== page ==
Saturday, October 15, 2005

Well, so, why can't they?

This little teaser at the NY Times tempted me for a moment to become a subscriber to TimesSelect, their pay-for-view columnist service:

Why Righties Can't Teach
Published: October 15, 2005

Liberals on campus have become so used to hearing their opinions reinforced that they have a hard time imagining there are intelligent people with different views.

Sounds intriguing, especially for the NY Times. But I managed to resist.

Then again, it's a sentence that actually does quite well standing alone, a succinct explanation for a common phenomenon.


At 12:31 PM, October 15, 2005, Anonymous Anonymous said...

They could have called it " Why Lefties cant compete in the marketplace of ideas", but that would never have made it through the editorial board.

At 2:02 PM, October 15, 2005, Anonymous Anonymous said...

Here's the full article:

I am in debt to liberal scholars across America. After I wrote about the leftward tilt on campus, they sent me treatises explaining that the shortage of conservatives on faculties is not a result of bias. Professors helpfully offered other theories why conservatives do not grace the halls of academe:

1. Conservatives do not value knowledge for its own sake.

2. Conservatives do not care about the social good.

3. Conservatives are too greedy to work for professors' wages.

4. Conservatives are too dumb to get tenure.

I'm studied these theories as best I could (for a conservative), but somehow I can't shake the notion that there just might be some bias on campus.

I can imagine reasons why liberals would be intrinsically more inclined than conservatives to pursue academic careers. But even if that's true, it doesn't explain why there are so many more liberal professors now than there used to be.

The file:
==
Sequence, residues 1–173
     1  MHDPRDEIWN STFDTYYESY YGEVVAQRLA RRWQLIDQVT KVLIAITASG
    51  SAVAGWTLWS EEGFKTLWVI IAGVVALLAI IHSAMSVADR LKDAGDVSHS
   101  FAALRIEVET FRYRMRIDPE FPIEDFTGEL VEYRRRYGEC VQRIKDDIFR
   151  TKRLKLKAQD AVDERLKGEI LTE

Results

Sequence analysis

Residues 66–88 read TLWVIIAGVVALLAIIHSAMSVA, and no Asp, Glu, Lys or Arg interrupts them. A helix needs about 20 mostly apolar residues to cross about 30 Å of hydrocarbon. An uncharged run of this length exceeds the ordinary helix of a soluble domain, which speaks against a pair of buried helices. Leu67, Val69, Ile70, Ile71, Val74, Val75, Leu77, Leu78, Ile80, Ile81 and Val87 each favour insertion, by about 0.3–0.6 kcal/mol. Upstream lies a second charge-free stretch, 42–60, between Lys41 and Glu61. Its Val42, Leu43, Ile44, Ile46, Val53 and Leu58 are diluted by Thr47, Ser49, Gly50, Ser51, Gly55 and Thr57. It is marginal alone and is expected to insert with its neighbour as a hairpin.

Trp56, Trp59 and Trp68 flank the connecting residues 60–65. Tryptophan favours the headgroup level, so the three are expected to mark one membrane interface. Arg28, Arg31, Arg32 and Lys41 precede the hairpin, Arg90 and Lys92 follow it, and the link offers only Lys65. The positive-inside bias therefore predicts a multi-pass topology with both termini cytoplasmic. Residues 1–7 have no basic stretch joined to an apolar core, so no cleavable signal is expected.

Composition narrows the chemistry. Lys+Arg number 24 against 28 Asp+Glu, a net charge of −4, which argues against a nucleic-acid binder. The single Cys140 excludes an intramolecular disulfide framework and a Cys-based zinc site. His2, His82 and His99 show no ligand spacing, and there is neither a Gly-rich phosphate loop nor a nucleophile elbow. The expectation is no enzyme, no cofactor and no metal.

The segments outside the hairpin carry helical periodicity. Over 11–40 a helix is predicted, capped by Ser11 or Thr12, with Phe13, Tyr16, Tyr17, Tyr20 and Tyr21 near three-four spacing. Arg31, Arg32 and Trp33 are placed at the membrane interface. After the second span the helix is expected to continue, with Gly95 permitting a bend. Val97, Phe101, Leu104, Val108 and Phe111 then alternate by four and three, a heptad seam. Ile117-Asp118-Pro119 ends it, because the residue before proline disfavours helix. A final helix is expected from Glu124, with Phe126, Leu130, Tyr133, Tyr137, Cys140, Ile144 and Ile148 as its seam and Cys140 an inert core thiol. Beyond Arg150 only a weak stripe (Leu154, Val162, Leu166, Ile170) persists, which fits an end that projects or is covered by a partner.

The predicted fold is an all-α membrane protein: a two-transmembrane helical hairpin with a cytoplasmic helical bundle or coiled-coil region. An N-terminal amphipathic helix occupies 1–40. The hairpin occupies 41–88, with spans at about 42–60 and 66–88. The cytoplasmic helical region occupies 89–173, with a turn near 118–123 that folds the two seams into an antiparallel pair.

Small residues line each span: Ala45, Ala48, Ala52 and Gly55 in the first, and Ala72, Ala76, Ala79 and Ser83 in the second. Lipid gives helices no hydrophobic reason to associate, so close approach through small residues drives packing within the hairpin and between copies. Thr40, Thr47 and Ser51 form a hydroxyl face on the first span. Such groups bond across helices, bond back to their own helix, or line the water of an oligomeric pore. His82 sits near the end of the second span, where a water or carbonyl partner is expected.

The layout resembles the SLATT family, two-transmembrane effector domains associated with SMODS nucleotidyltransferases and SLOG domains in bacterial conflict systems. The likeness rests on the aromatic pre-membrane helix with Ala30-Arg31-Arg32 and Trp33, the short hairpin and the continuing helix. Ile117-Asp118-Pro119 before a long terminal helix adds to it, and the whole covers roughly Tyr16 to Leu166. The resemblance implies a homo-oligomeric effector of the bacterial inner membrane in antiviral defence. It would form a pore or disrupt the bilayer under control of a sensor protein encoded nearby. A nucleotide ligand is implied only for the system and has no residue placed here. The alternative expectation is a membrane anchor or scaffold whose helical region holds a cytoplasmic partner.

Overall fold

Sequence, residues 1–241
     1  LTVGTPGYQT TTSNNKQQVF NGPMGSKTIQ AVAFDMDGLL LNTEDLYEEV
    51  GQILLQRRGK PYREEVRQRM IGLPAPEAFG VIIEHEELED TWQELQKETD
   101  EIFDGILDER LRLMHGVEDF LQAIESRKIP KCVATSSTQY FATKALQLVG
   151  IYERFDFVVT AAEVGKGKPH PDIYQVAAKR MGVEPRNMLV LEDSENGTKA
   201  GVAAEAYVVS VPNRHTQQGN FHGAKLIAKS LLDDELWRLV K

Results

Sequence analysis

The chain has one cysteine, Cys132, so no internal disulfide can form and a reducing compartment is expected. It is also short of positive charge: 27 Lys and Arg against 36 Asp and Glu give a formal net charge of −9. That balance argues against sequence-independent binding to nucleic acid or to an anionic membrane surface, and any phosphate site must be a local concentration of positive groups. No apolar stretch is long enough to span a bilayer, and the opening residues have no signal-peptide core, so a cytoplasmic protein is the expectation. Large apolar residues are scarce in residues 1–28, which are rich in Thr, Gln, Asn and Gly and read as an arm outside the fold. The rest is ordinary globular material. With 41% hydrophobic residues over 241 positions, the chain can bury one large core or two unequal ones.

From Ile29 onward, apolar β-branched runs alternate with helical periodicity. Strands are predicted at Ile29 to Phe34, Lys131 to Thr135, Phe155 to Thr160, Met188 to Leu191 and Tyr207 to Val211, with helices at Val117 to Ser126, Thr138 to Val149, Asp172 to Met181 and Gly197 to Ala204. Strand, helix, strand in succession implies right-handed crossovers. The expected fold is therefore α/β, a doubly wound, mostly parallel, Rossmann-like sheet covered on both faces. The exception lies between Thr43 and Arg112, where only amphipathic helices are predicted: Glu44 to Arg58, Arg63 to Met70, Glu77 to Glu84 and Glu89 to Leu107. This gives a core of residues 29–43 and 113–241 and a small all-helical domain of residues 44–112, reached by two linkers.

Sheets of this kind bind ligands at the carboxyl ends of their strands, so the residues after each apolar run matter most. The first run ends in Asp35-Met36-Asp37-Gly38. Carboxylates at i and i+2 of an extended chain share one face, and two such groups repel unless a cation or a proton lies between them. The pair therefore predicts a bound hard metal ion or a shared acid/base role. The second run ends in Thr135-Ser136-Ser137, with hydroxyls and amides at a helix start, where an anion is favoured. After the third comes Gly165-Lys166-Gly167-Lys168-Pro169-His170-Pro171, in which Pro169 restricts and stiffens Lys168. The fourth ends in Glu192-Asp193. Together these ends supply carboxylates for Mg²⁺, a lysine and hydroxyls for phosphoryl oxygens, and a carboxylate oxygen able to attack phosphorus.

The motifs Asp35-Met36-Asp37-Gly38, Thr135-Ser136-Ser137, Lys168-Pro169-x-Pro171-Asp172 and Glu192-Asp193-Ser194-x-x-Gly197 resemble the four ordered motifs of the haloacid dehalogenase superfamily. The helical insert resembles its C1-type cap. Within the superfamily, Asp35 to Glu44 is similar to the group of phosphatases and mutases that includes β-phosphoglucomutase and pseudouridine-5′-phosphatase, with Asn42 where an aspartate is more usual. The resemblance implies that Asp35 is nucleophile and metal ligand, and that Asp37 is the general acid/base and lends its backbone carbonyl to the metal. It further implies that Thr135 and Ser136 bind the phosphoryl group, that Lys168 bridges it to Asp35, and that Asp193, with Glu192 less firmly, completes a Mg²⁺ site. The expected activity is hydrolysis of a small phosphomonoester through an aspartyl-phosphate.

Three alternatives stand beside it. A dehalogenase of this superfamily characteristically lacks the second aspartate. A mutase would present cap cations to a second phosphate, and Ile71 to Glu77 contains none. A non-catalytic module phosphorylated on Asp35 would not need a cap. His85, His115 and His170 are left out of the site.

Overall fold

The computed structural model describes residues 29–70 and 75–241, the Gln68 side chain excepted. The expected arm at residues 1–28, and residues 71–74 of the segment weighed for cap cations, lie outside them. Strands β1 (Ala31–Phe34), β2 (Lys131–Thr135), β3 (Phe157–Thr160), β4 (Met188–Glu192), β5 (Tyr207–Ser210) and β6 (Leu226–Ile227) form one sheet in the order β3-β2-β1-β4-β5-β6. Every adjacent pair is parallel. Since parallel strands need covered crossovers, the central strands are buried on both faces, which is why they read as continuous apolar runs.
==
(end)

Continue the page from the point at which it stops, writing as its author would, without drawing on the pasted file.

Surveys last year showed that Democratic professors outnumber Republican professors by at least seven to one, more than twice the ratio of three decades earlier. The trend seems likely to continue, because younger professors are far more likely than older professors to be Democrats.

You could argue that fewer conservatives today want to become professors, but that seems odd given the country's move to the right in recent decades. Conservative student groups and publications are flourishing. Plenty of smart conservatives have passed up Wall Street to work for right-wing think tanks that often don't pay more than universities do, and don't offer lifetime tenure and summers off.

At think tanks and other research institutions outside academia, there's a much higher percentage of Republicans than there is on university faculties. Apparently, despite their greed and other failings, many conservatives do want to become scholars, but they can't find work on campus.

One reason is the structure of academia, where decisions about hiring are made by small independent groups of scholars. They're subject to the law of group polarization, derived from studies of juries and other groups.

''If people are engaged in deliberation with like-minded others, they end up more confident, more homogenous and more extreme in their beliefs,'' said Cass Sunstein, a law professor at the University of Chicago. ''If you have an English or history department that leans left, their interactions will push them further left.''

Once liberals dominate a department, they can increase their majority by voting to award tenure to like-minded scholars. As liberals dominate a field, conservatives' work comes to be seen as fringe scholarship.

''The filtering out of conservatives in the job pipeline rarely works by outright blackballing,'' said Mark Bauerlein, a conservative who is an English professor at Emory. ''It doesn't have to. The intellectual focus of the disciplines does that by itself.''

Suppose, he said, you were a conservative who wanted to do a sociology dissertation on the debilitating effects of the European welfare state, or an English dissertation arguing that anticommunist literature from the mid-20th century was as valuable as the procommunist literature.